I would ask my healthcare provider(s) what thin people are told to do for whatever this health problem is, and I would go from there in terms of choosing a course of action.

I think that doctors telling fat patients to attempt to become thinner (to solve health problems that thinner people also have) is not just lazy healthcare, it’s unethical, unsupported by evidence, incompetent healthcare and, if I can help it, I won’t put up with it.

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5 thoughts on “If The Doctor Says A Health Issue is Caused By Being Fat

  1. I remember the doctor telling me the plantar fasciitis in my left foot was “because you are heavy”. “But I’m just as fat on the other foot!” I replied Fifteen or so years later a Feldenkrais practitioner noticed that my left foot didn’t flex much and digging deeper discovered that the bones in my left ankle weren’t aligned normally. The bone misalignment was probably left over from a traumatic ankle sprain many years before, which was followed by lots of lower limb pain including the plantar fasciitis. She was able to realign the bones (if she hadn’t known how to do it I would have looked for an osteopath or chiropractor who could do it), and over the following year I got full range of motion back, which led to no longer having pain in my feet and eventually even my knees. And I was much heavier then than I had been fifteen years earlier when the doctor had said it was because I was fat. Not all problems can be fixed, and it can take a long time to find someone who can deal with even the fixable ones.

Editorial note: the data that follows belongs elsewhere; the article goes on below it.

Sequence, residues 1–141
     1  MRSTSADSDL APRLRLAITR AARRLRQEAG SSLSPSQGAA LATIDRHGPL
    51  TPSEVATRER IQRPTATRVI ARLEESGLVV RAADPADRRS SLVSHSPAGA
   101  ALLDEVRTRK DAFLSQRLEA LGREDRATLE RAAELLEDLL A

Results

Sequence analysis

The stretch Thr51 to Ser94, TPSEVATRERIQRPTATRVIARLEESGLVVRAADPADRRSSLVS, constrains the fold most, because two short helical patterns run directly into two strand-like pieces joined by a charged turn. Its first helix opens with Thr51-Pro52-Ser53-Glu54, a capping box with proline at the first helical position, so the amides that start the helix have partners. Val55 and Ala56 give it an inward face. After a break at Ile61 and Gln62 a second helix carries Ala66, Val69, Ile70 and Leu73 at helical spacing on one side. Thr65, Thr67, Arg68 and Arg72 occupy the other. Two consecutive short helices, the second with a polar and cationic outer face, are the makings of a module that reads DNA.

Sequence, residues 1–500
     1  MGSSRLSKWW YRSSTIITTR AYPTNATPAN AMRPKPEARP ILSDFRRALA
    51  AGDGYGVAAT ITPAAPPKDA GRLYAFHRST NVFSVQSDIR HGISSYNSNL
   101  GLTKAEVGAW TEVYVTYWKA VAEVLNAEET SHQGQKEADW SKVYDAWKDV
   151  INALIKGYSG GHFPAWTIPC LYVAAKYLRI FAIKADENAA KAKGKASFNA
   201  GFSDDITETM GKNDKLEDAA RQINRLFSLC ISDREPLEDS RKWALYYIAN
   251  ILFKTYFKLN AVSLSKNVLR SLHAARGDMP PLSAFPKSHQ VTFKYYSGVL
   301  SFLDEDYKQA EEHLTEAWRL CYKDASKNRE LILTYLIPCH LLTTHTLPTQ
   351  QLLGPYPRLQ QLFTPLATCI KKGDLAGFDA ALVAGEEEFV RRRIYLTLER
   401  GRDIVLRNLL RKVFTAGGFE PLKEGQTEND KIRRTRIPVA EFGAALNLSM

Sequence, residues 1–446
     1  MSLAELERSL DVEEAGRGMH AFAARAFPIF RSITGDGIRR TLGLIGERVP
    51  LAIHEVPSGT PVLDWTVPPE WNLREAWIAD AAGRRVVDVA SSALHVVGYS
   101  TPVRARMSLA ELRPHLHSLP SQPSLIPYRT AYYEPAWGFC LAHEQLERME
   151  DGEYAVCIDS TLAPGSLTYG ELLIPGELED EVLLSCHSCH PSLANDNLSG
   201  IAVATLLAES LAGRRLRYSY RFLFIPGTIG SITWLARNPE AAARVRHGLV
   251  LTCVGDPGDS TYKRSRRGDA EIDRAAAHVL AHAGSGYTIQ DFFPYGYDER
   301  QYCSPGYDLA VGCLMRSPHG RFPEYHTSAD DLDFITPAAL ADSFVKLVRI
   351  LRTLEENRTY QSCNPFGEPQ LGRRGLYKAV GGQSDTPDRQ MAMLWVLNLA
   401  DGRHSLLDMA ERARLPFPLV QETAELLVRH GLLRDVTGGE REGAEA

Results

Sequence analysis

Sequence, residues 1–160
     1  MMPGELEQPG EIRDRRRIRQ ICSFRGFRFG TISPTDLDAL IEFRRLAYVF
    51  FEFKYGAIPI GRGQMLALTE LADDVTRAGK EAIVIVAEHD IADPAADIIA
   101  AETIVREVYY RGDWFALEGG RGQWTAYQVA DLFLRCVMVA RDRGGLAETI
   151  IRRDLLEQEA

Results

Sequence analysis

1. My GP assured me that weight loss would help my foot problem, but when I saw a podiatrist he was certain it was due to an old injury. He said he had seen the same problem fairly often in Nebraska,in folks who worked with cattle and got their feet stomped.

      Well, I had my foot stomped by my horse when I was fifteen. Nearly forty years and untold miles of walking later the injured cartilage provoked arthritis. It’s also the top of my foot. I’m pretty sure weight is unrelated.

  2. I’ve been battling shortness of breath since January. Like have to stop & rest after 60-70 steps. It’s awful. Been back & forth between Cardiology and Pulmonary, with a stop at Nephrology in between. Amazingly, none of the docs I’ve seen have blamed this on my weight. No one thinks my weight helps (simply because my heart & lungs have more to do than for a smaller person), but not one has hinted that it’s the cause. And they are actually continuing to test until we figure it out! So refreshing!

  3. Very! This is one where be your own patient advocate can mean the difference between pain and suffering, and very possibly death and getting the health care you need to live a productive life. If ya think it might help, go ahead and lose weight, hope it stays off and if it doesn’t, and the issue does not increase in severity with the extra weight, maybe it had nothing to do with it at all.
    Never assume, know they will. Do your research. Keep asking questions. When you know you are not being heard or respected, when it is possible, seek another provider. Good doctors are out there.